(by Andres Rojas)
Offering healthcare benefits is one of the best ways to attract and retain high-value employees. Indeed, the pandemic has radically increased the importance of health benefits. These days, workers with an employee-based health plan can use it to pay for most of their health expenses – including preventive care, dental treatments, and drug cost
However, even the most comprehensive health plans demand that the employee meets a deductible before the co-payments start kicking in. Until then, the employee must pay entirely out of his own pocket.
But what if your employees can’t afford to pay their premiums? Then offering a section 105 healthcare plan might just be the solution.
What Is a Section 105 Plan?
Section 105 plans are named after section 105 of the IRS regulations. These plans allow employers to reimburse workers for their medical expenses.
Section 105 plans aren’t medical insurance, so employees have no obligation of paying for monthly premiums. Instead, they offer a flexible solution to employees’ health needs.
The way they work is simple:
First, the employer creates a self-funded health plan that meets section 105 requirements.
Second, the employer reserves a fixed amount of money for each employee’s annual health expenses.
Third, the worker pays for his medical expenses out of his own pocket before submitting them to his employer.
Fourth, the employer will reimburse the employee’s qualified health expenses until his annual limit is met.
Section 105 plans are often used to pay for out-of-pocket costs but they can also fund health insurance premiums. Other benefits of section 105 plans include:
They aren’t subject to income or payroll taxes.
They are less expensive for employers than group healthcare plans.
They allow businesses to increase their tax deductions.
They comply with ACA regulations.
So, if offering a group health plan is too expensive, this might be the perfect solution to your employee benefits needs.
What Qualifies as a Section 105 Healthcare Plan?
Section 105 plans must comply with both ACA and IRS regulations. Although ACA requires that employers provide medical insurance to their employees, the rules may vary for small employers (businesses with 50 or fewer full-time employees).
According to section 105, eligible plans must:
Only accept the employer as the sole contributor.
Not deduct any medical expenses from the employee’s salary.
Set an annual maximum dollar amount to reimburse eligible health expenses.
Not reimburse health expenses already reimbursed by other plans.
Exclude reimbursements for eligible medical expenses from gross taxable income.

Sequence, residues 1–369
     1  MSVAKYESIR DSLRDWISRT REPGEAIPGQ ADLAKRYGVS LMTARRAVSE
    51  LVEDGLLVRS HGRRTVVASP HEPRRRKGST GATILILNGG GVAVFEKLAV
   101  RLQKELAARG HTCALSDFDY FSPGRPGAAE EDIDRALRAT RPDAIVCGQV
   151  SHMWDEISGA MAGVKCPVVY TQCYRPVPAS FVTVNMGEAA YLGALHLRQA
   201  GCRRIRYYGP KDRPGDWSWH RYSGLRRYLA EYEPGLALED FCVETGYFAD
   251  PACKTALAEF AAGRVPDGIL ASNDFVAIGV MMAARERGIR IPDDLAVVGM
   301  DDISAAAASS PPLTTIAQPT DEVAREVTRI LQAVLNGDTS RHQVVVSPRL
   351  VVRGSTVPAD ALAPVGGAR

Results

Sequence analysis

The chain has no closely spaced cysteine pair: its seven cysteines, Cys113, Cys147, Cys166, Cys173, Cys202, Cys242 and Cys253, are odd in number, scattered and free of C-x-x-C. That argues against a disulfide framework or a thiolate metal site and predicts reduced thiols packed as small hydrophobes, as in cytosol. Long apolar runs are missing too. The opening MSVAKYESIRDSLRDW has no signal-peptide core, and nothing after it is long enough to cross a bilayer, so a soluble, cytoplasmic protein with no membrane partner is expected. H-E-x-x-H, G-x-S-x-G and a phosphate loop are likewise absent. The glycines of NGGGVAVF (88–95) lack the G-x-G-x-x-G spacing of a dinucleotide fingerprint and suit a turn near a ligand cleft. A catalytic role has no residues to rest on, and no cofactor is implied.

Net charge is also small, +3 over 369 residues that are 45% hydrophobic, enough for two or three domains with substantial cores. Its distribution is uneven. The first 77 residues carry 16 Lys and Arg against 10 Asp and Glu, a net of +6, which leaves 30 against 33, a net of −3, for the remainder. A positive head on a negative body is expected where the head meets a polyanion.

Although there are many types of section 105 plans, the most common type falls under the umbrella term of Health Reimbursement Arrangement (HRA) plans.
What Is a Health Reimbursement Arrangement (HRA) Plan?
HRAs are section 105 plans that provide reimbursements for medical expenses. Depending on how they’re configured, HRAs can even provide immediate reimbursement if the employer supplies his covered employees with an HRA debit card.
Unlike health insurance, HRAs only cover costs related to preventing or treating health-threatening ailments. General health expenses, like vitamins or teeth withering, are outside their scope.
HRAs come in many shapes and sizes. Some of the most relevant ones include Individual Coverage HRA (ICHRA), Group Coverage HRA (GCHRA), and Qualified Small Employer HRA (QSEHRA).
What Is Individual Coverage HRA (ICHRA)?
ICHRA plans are tailored to fit businesses of all sizes. Unlike other types of HRAs, ICHRAs allow individuals to buy individual market health insurance. Under an ICHRA plan, covered workers can get reimbursements for their individual insurance premiums and other qualified medical expenses without the need to be a part of a group health plan.
What Is Group Coverage HRA (GCHRA)?
As their name suggests, GCHRAs are linked with group health insurance plans. GCHRAs are well-suited for high-deductible health insurance plans, as they can help employees cover the costs of their premiums and out-of-pocket expenses while their deductibles kick in.
What Is a Qualified Small Employer HRA?
QSEHRAs are HRA plans for small businesses with less than 50 full-time employees.
QSEHRAs allow small business owners who can’t afford a group health insurance plan to make health reimbursements for qualified medical expenses.
What Medical Expenses Are Covered by HRA Plans?
Since they are wholly funded by employers, HRA plans are very flexible in design. Companies can tailor their HRA plan around their health benefits, therefore limiting their employees’ medical expenses without reducing their coverage.
Among other things, HRA plans can cover:
Premiums, copayments, and deductible expenses.
Prescription and over-the-counter medications.
Section 105 plans allow employers of all sizes to offer attractive employee medical benefits. So if you still aren’t sure if HRAs are good for your business, contact us and let us help you create a customized section 105 healthcare plan that fits your needs.